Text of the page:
Paddy O'Gorman draws the short straw for Temple Bar
Spare a thought for Paddy O'Gorman. Other broadcasters were given tickets to Brazil for the World Cup. RTE's roving conversationalist was sent to ... Temple Bar. He was there for Today With Sean O'Rourke to canvass England football supporters about the welcome they were receiving from Irish fans as they watched live matches in pubs across the capital, and also to ask Irish fans who they were supporting in the tournament. Paddy's interviewed everyone down the years, and, while his unique style is not to everyone's taste, he's always worth hearing; but this proved again that drunk people are a particularly difficult source of sense.
Still, it was worth it for the man from Northern Ireland who declared that he wouldn't be supporting England because "they repressed our people in the Six Counties with their armies", and who hoped that "Rooney loses his hairpiece" in revenge. Take that, perfidious Albion!
The History Show, consistently one of the best programmes on Irish radio, also got into the mood with an item on the last time the World Cup was held in Brazil, in 1950, and why the Irish, despite an invitation, didn't go. "We couldn't get the players together, they were on their holidays and the passports would've taken a little bit of arranging," recalled author Eoghan Corry. In the event, the opportunity didn't come round again for another 40 years. There's a moral there somewhere.
Getting away from football, BBC Radio Four last week broadcast the first of a new two-part dramatisation of Do Androids Dream Of Electric Sheep?, the novel on which Ridley Scott's classic film Blade Runner was based. The film itself is a perfect rebuttal to bores who say films are never as good as the books on which they're based, because Philip K Dick's dystopian thriller is a hard book to like, with a central character whose entire motivation appears based around his desire for a real sheep, or monkey, or owl, or anything really, in a world where nuclear disaster has wiped out most of the animal population.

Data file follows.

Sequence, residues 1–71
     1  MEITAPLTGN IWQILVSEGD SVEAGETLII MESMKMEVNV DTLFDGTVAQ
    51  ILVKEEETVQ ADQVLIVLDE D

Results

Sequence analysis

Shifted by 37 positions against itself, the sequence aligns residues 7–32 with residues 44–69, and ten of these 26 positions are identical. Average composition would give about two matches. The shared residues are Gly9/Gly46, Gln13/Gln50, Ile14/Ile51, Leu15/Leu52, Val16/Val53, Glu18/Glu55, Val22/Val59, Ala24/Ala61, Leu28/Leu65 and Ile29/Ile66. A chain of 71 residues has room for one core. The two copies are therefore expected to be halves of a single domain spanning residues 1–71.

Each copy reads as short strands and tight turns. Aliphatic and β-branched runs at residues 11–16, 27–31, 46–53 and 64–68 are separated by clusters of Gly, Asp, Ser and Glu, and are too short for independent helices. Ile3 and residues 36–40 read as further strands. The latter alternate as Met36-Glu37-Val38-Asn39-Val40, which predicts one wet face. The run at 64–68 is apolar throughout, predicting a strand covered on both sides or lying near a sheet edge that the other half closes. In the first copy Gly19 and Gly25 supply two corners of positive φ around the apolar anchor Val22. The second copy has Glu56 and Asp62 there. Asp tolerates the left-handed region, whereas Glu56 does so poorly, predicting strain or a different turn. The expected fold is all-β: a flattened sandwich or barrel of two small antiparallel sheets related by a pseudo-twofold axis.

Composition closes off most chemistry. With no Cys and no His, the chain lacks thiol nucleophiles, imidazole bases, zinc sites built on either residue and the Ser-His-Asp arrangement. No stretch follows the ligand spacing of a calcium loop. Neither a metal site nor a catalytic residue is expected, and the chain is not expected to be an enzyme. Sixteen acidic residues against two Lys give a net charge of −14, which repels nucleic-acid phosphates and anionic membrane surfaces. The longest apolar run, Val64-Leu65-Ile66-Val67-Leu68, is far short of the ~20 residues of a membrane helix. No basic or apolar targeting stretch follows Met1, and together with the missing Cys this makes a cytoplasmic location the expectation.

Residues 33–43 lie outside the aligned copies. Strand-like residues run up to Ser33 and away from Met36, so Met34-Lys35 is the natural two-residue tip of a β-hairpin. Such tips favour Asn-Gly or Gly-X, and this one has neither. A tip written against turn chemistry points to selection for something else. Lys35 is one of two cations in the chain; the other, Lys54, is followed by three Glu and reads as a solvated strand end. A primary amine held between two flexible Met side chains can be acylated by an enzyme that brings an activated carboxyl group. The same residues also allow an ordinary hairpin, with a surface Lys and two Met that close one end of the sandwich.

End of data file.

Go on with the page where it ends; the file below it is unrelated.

This radio version, for Radio Four's Dangerous Visions series, stuck very much to that original version, whilst inexplicably reinstating the device of an exaggerated Philip Marlowe-like narratorial voiceover much criticised in the initially released studio version of Blade Runner and absent from the novel, which is told in the third person. It was an interesting effort to bring some life back to the original version, but it probably sent most listeners scuttling back to the far superior film version.
The rest of the week was devoted to the usual blah, blah, blah about politics; though interestingly some of the best background analysis of the week's events came, not on the news programmes themselves, but on Newstalk's Moncrieff, with a look at the terrifying Islamic extremist takeover of Iraq on Thursday, and a sparky rundown of the history of the Spanish monarchy on Wednesday to mark the abdication of King Juan Carlos. Bloomsday was also celebrated on Sunday's Marian by an interview with author Will Self which began with the question: "What is it about James Joyce that attracted you first?"
Self's reply: "Well, he's not Tony Blair, for a start." Cue exaggerated cackles of laughter from the rest of the guests, as if this was the funniest joke they'd ever heard. Perhaps they were merely being polite. We can but hope.